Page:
Oh man, O Man.
I need to come clean on something before I get going. And that is that I was only nine or so when this very incredible, very thoughtful TV show first came on the scene. I was too young to stay up that late. I only vaguely remember the second half of the first season, when the show was moved from San Diego to Los Angeles. Some sort of money thing, as shooting in San Diego quickly became too costly. Harry, played to the hilt by David Janssen, was the penultimate private eye. Harry Orwell had been a cop but was wounded in the line of duty. However, getting shot in the back didn’t kill him; it killed his career as a policeman instead. What I love about that bullet is that it serves as a powerful symbol for the wounding that Harry’s view of the world took. In an even more powerful bit of symbolism, he owns a derelict boat named The Answer. Can you get any more symbolic, right? And of course, he’s always working on The Answer. (Yes, I just had to get that in, sorry.)
Harry of course has a cop friend on the force (which private detective doesn’t?). Captain Manny Quinlan, played by Henry Darrow. He was given a difficult role, was Henry, having to play the foil for Harry’s character. One moment he’s a source of information, then in another he’s the cop who threatens to yank Harry’s private eye license. I would like to add here one totally bad-ass bit of awesomeness in the Captain Quinlan character: his ties rival Michael Douglas’s in The Streets of San Francisco. After the show moved to Los Angeles, Darrow’s character was replaced by Lt. Trench of the Santa Monica PD, played to perfection by Anthony Zerbe (who won an Emmy for his role).
I can hear you now. “A world weary, loner private eye? A friend on the police force? Walking not only the mean streets, but also the rarified halls of the upper classes?”
The answer shrieks back at you: This. Is. High. Noir.
And you’d be absolutely correct. The show is Noir. Janssen’s voice-over is right out of a Chandler novel. And all these aforementioned elements, juxtaposed against 1970’s San Diego and Los Angeles, work to Noir perfection. That juxtaposition was one that I at first didn’t think would work, but oh man does it ever. (Or should that be “O man does it ever”?)
Another realization I came to while watching episode upon episode is that, in its way, the show is strongly tied to The Mod Squad. Harry carries no gun, like the characters in The Mod Squad. He’s not into using his fists (well, okay… Linc uses his fists quite a bit). Harry uses his head and his heart (as does TMS's Pete). The bad guys are rarely, if ever, killed. Always arrested. These are elements both shows share. And Harry O began its run in the early 70’s, just when The Mod Squad was winding down and when the entire flower-power movement was still there, though beginning its slow decline into overdoses and cynicism. It feels like Harry O was the last flash of the match before it burns out.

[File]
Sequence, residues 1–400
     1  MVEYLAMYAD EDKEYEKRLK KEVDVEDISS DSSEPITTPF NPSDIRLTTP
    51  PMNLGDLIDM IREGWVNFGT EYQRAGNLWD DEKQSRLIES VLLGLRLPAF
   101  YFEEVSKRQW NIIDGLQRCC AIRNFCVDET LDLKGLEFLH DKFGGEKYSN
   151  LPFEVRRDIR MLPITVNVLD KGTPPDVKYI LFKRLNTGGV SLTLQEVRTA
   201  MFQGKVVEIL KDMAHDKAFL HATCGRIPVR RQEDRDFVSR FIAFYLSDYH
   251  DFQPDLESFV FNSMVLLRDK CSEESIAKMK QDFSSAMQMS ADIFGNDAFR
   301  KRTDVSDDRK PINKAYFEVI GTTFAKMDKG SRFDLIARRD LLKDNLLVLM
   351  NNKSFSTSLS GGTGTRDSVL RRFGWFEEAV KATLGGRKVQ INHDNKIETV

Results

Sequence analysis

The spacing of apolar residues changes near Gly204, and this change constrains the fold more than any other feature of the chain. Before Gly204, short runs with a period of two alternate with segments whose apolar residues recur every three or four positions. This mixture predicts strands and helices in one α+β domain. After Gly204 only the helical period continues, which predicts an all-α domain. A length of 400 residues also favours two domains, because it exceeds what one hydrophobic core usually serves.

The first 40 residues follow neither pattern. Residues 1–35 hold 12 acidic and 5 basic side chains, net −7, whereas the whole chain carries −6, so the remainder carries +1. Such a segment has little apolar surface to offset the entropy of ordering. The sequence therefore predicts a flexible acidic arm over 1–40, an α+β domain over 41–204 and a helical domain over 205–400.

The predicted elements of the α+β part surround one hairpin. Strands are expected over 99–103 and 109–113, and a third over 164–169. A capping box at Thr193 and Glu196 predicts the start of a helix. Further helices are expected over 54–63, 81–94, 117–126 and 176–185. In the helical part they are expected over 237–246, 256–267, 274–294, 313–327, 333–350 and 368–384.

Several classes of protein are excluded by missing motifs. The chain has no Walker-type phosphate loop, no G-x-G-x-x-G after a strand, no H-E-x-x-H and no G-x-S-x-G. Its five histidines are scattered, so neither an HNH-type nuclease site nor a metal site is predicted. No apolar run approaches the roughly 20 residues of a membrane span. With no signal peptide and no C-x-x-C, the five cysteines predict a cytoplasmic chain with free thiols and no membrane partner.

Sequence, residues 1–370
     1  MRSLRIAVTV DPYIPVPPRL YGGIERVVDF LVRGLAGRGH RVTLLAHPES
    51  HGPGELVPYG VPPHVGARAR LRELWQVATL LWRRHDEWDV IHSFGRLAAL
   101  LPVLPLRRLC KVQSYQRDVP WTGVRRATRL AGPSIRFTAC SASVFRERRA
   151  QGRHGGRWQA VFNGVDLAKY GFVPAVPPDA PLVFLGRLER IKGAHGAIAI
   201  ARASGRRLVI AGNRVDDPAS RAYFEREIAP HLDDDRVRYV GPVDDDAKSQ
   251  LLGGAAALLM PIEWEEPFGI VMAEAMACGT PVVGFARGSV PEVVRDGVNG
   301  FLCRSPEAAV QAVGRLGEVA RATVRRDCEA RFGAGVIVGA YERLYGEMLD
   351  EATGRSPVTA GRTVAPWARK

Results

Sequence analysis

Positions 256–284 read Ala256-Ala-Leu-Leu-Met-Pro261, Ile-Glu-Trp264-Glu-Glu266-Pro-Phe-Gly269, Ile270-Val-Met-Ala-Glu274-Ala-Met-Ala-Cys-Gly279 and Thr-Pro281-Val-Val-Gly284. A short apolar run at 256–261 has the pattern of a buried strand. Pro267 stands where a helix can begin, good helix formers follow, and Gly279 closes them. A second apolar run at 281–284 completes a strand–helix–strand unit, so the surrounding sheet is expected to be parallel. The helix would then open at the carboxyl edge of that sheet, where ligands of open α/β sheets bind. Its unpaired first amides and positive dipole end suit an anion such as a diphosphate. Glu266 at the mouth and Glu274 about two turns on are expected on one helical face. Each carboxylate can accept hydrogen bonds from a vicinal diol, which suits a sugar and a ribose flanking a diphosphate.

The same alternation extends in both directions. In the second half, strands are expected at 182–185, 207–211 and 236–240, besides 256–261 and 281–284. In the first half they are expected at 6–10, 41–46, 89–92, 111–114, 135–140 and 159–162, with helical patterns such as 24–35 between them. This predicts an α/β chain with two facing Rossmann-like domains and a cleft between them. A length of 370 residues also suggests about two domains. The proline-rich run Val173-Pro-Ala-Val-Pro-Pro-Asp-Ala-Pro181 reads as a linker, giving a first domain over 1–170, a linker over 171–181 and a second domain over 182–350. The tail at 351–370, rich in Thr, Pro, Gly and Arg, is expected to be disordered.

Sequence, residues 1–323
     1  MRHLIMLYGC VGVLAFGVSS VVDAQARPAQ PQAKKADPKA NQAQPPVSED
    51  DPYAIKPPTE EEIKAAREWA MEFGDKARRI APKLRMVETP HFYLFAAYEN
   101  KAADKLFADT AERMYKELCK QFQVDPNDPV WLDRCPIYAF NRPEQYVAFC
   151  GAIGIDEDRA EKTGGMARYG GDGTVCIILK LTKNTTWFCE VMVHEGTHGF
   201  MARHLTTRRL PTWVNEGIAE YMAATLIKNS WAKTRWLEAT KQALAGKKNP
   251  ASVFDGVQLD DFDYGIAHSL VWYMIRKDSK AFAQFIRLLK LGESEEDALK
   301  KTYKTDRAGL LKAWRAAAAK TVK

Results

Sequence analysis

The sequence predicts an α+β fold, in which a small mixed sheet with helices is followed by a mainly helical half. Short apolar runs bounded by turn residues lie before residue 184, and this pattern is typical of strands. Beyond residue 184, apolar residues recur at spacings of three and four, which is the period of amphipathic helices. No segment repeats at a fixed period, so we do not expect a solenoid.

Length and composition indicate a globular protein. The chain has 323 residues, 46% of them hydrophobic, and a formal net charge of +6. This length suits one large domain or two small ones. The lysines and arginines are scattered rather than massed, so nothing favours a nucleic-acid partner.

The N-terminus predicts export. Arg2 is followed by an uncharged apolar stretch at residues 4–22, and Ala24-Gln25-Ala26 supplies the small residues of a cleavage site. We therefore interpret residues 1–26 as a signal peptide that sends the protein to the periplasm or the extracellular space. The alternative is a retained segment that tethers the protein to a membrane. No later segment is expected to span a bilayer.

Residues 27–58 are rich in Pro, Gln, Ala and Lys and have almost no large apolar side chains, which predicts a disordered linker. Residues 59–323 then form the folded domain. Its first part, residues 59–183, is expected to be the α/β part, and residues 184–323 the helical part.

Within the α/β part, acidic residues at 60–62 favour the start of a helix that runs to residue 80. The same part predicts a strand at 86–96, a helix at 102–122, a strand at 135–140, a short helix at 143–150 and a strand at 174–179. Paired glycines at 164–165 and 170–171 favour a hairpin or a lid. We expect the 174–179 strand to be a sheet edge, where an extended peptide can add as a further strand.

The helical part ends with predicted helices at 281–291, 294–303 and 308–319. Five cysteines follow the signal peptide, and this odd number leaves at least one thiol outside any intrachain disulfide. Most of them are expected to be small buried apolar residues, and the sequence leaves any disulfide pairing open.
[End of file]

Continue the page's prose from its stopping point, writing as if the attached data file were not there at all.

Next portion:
And remember, the shows that came after Harry O, shows like Baretta, S.W.A.T., and Starsky and Hutch have a COMPLETELY different take on the world. Guns and car chases. Harry’s car spends more time at the mechanic’s than on the street, and looks more like the brother of Columbo’s jalopy than anywhere near Starsky’s tomato-red Gran Torino. And hell, Harry doesn’t even own a gun. He can run, sure, but doesn’t do it that often, if at all (hurts his back). Harry O is all about Harry using his head.
The episodes carry the usual suspects as far as guest stars from that time period: Martin Sheen (yes, Martin Sheen. He was also in a Streets of San Francisco episode around this time), Linda Evans, Stephanie Powers, and Robert Reed to name just a few. Farrah Fawcett co-stars (prior to her Charlie’s Angels stint) as Harry’s neighbor after the series moved to Los Angeles.
Sadly, the show never really took off, and ran for only two years. Thankfully though, it is available on DVD for your enjoyment. Since I grew up in Southern California during those years, it was a fun trip down memory lane. If you’re a fan of noir, and also a fan of Southern California beaches, then give Harry O a go.
Bay Area resident Robert K. Lewis has been a painter, printmaker, and a produced screenwriter. In addition to contributing here, Lewis is a member of Mystery Writers of America, Sisters in Crime, and the International Thriller Writers. Untold Damage is his first novel. Visit him at his website, at needlecity.wordpress.com, and on Twitter @robertklewis.